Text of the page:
Posts Tagged ‘open innovation’

New American visionaries at IBM and Cisco

Monday, October 26th, 2009

IBM Cisco 3

It’s become customary to bash American business. Global analysts talk about a secular decline. And yes, US business has become a bit sad and dreary if you’ve spent any time around Detroit lately. But new US business leadership is emerging. Not from small start-ups this time, but from large corporations.

Take IBM. Yes, IBM. Lou Gerstner famously ridiculed the quest for a corporate “vision” in the early ’90s. His vision was only to serve customers and buy back the stock. I still get goose bumps just thinking about it. But Sam Palmisano and his team have crafted a true vision for the company. These guys believe in global collaboration. You can say it’s self-serving, since IBM sells hardware, software, and consulting services that rely on collaboration. But all good visions are self-serving. After all, IBM is a business. The vision of Palmisano’s team also goes beyond business. Their view of the future is centered on humans living on the earth, and how the interaction between both can generate new opportunities for IBM and for its clients.

I like the human centricity and breadth of ambition it conveys. It’s vintage American brassiness on a planetary scale, with a new 21st-century sensitivity. The basic belief is that if you engage a large number of people in a firm – say, 50,000 people in a large corporation — with a large number of its customers – say, another 50,000 – you’ll see new opportunities pop up from this massive co-creation of ideas. IBM has a process and technology called Innovation Jam that makes this Web-based dialogue happen over a period of 72 hours. It’s a messy process – structuring meaningful initiatives out of it is no picnic, and IBM understates the importance of live interactions — but it’s the first approach I’ve seen that approximates global democracy in business.

Taking a (good) page from the Gerstner book, IBM has first transformed itself using this mass co-creation approach internally. They shaped their new values and strategy by connecting the software technician in his Armonk cubicle all the way to the management team. The company’s omnipresent sales force is now running around the world telling customers that IBM has done well using this approach, so now it’s their turn. It’s a bit early to know how successful the approach will be. Because of Innovation Jam’s massive mobilization power, companies tend to use the approach for big issues, such as social responsibility or sustainable development, giving America an opportunity to provide new thought leadership in areas where the US has arguably been lagging (remember Kyoto?).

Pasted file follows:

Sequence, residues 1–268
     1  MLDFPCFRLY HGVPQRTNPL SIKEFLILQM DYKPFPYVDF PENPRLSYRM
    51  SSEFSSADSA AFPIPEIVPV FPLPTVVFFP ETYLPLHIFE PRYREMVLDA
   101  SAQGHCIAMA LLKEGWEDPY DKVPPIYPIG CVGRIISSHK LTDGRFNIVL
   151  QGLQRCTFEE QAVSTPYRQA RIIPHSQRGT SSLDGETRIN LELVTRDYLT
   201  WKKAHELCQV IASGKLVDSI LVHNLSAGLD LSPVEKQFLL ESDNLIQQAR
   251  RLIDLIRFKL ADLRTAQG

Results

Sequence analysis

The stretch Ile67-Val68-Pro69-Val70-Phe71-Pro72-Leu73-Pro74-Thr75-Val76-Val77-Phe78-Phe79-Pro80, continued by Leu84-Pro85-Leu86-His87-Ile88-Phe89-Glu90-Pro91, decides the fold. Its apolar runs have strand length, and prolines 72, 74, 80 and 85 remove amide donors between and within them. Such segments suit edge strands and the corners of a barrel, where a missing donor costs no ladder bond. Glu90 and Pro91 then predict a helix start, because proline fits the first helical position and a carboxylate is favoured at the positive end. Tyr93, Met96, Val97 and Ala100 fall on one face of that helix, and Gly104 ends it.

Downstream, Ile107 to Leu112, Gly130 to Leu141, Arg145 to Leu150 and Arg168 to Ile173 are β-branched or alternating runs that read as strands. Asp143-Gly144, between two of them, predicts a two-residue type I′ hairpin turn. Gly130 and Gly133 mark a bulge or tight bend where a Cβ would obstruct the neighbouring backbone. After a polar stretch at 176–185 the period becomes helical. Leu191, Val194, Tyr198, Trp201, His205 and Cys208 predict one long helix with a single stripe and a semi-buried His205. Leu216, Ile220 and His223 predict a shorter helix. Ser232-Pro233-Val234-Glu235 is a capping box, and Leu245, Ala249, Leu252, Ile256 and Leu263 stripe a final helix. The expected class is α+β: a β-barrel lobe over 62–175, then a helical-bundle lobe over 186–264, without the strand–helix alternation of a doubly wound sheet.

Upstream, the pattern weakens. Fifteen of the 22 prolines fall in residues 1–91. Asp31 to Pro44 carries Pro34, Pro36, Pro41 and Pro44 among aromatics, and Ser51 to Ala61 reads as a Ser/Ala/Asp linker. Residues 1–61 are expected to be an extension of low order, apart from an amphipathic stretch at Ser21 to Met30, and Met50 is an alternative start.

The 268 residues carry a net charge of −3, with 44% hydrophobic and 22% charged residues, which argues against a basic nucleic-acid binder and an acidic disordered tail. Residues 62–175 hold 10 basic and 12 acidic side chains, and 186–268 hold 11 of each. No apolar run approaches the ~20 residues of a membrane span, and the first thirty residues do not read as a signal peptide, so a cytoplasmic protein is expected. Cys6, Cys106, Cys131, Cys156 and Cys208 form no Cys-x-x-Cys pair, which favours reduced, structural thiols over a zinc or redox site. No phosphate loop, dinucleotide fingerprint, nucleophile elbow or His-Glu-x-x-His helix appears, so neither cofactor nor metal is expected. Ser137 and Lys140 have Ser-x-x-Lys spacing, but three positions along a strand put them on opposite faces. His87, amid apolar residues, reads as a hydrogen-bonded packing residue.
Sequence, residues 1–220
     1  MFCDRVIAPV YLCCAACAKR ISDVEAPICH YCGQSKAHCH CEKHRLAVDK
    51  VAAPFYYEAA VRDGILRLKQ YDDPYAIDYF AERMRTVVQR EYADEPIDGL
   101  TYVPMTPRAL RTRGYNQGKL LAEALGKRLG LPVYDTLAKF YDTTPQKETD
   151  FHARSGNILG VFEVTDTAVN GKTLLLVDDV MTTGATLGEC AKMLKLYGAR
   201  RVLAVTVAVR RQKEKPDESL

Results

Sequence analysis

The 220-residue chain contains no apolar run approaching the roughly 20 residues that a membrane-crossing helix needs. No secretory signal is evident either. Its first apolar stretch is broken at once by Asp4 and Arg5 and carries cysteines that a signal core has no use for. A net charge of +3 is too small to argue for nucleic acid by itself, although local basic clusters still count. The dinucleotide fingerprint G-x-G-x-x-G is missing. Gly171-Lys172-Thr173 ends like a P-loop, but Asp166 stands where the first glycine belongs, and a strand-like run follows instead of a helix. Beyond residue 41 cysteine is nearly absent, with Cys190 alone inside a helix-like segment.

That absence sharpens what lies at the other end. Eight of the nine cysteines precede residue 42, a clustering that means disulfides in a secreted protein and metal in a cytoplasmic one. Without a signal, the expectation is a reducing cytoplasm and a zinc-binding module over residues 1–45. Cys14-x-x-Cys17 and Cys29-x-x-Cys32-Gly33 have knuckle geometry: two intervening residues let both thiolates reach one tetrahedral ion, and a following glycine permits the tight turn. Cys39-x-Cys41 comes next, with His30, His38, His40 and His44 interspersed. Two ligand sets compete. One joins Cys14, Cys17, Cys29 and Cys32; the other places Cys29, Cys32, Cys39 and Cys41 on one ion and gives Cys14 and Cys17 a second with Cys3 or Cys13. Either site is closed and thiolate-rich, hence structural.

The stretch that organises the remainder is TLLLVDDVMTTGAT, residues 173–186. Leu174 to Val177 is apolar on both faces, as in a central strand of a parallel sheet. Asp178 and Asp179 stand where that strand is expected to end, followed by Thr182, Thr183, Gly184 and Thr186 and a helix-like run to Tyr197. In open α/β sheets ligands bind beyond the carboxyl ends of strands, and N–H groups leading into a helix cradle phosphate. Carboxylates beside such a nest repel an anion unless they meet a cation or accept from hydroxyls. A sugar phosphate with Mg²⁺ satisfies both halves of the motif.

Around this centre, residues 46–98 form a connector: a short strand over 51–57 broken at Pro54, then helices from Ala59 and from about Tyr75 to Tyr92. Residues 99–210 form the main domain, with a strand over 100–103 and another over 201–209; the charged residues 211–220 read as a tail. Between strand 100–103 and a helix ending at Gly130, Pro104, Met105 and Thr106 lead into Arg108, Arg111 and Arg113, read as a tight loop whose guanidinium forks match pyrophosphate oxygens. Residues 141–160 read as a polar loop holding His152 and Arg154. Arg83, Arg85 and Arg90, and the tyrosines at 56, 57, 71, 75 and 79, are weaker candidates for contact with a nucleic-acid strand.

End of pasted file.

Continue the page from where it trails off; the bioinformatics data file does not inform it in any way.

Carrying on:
John Chambers and his team are largely doing the same at Cisco, where the company vision is about the “human network.” Again, Cisco has a vested interest in selling routers and other equipment that equip this human network with hardware, software, and consulting services, but there is a rich, humanistic backdrop to the business which captures the imagination of many. Cisco has even jumped ahead of IBM in thinking through the organizational implications of this new view of innovation. Their experiments provide the freshest ideas in organizational design I have seen in years.

You out there betting on the death of American thought leadership in business do so at your own risk…

We dance

Saturday, July 18th, 2009

I love Joseph Campbell, the great American writer and mythologist. We will leave for another day what myths and comparative religion have to do with co-creation, but for now, let me focus on one of the stories he told (he was an amazing story-teller). The book Power of Myth, also the object of a well-known public television series, is an account of the dialogue between Joseph Campbell and journalist Bill Moyers. In the introduction to the book, Moyers recalls Campbell telling of an American delegate at an international conference on religion, trying to figure out what a Japanse Shinto priest was about.

“We’ve been now to a good many ceremonies and have seen quite a few of your shrines. But I don’t get your ideology. I don’t get your theology.’ The Japanese paused as though in deep thought, and then slowly shook his head. ‘I think we don’t have ideology,’ he said. ‘We don’t have theology. We dance.”

Joseph Campbell’s constant encouragement to experience life rather than theoretize about it is also a great prescription for co-creation. When people probingly ask me to justify why co-creation is different from, say, collaboration, crowd-sourcing, Wikinomics, or open innovation, I know they’re negotiating with me (and probably with themselves) for the right not to try any of them. Of course, my duty as a lecturer and consultant is to patiently walk through the similarities and differences, but I know the dialogue will ultimately be pointless.

Conversely, when I see a little light in someone’s eyes, I know I’m invited to dance. We take a few steps. I can sense when the questions are aimed at discovery rather than evaluation. I become less guarded in my answers. She’s really an interesting person. I’m making up new stuff now. Others are watching us. They sense the energy. They join us in the dance. These people are amazing. Where are these thoughts coming from?

As in Joseph Campbell’s story, I’m not sure co-creation has an ideology. We dance.